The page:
A Guest Post By Brad Phillips, Author, The Media Training Bible
He wondered whether it was possible to put a written agreement in place with the producer prior to the interview that would prohibit the crew from using any ‘gotcha’ moments in which an unexpected document or video clip might be produced during the interview.
My answer was no. Not only could that request be disclosed on the air, making the audience suspicious, but it would make the producer wonder what big controversy he was missing.
Still, the question made me wonder: What pre-conditions are reasonable when negotiating with a reporter prior to an interview? Here are seven that came to mind.
If a reporter is visiting your office, you can reach an agreement that the reporter is only allowed to quote the agreed-upon spokesperson(s). In other words, if reporters strike up a conversation with random staff members in the bathroom, they wouldn’t be able to use those comments in his story.
You may be able to negotiate what the reporter can and cannot shoot. For example, you might ask the reporter not to shoot any employees’ computer screens or papers on their desks, since those shots could reveal private customer information.
Depending on the story, you might not want to allow photography. If you work for a car company that is creating a new prototype, for example, you might allow the journalist to see it without allowing any photos of the vehicle.
Although most interviews should be on-the-record, you may occasionally face circumstances that require an “on background” or “off-the-record” interview. You should reach any agreements prior to an interview (these guidelines will help). And you can request to be identified in a specific manner.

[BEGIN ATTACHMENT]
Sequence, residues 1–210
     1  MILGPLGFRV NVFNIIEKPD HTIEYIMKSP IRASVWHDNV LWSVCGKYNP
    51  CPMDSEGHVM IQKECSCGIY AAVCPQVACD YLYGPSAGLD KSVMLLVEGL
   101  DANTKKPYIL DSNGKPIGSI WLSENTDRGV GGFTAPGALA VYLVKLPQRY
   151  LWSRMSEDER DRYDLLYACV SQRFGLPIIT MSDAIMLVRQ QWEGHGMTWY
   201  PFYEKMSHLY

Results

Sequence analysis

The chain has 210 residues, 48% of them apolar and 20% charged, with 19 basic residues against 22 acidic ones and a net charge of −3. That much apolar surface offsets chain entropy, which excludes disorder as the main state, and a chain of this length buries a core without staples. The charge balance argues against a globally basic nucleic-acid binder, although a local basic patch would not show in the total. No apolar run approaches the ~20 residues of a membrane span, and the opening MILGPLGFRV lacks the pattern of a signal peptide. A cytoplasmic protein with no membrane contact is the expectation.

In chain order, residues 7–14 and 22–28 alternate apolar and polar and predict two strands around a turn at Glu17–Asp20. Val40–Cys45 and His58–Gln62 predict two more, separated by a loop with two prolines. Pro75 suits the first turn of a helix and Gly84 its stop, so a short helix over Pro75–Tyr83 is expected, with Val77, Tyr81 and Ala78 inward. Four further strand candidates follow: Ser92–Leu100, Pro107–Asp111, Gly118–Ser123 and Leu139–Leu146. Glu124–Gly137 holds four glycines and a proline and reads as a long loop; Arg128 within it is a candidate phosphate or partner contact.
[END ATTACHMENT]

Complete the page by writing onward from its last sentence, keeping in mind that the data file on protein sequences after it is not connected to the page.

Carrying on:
If you suspect that a reporter is going to go on a fishing expedition, you can negotiate the length of the interview in advance.
Here’s where things get tricky. You can request to limit the interview either to topics you do want to discuss (e.g. a basketball coach who wants to discuss his team’s latest game), or to avoid topics you don’t want to discuss (e.g. your star center’s recent drunk driving arrest). But even if reporters agree to such a pre-condition, they often disclose the very pre-condition to their audiences (in some cases, they’re ethically bound to do so). So before you make such a request, ask yourself whether that disclosure could be more damaging than answering the tough questions.
7. Sensitive Information
Occasionally, reporters may be willing to exclude certain information from their stories—if there’s a legitimate reason to avoid such information. For example, many reporters would be willing to exclude information that could humiliate an innocent person or that contains sensitive national security details. But I’ve also worked with reporters who agreed to kill sensitive parts of a client’s story today in exchange for an exclusive when we were ready to release the story at some future point.
Brad Phillips is the author of The Media Training Bible: 101 Things You Absolutely, Positively Need to Know Before Your Next Interview. He writes the world’s most-visited media training website, Mr. Media Training and is the president of Phillips Media Relations, a media and presentation training firm.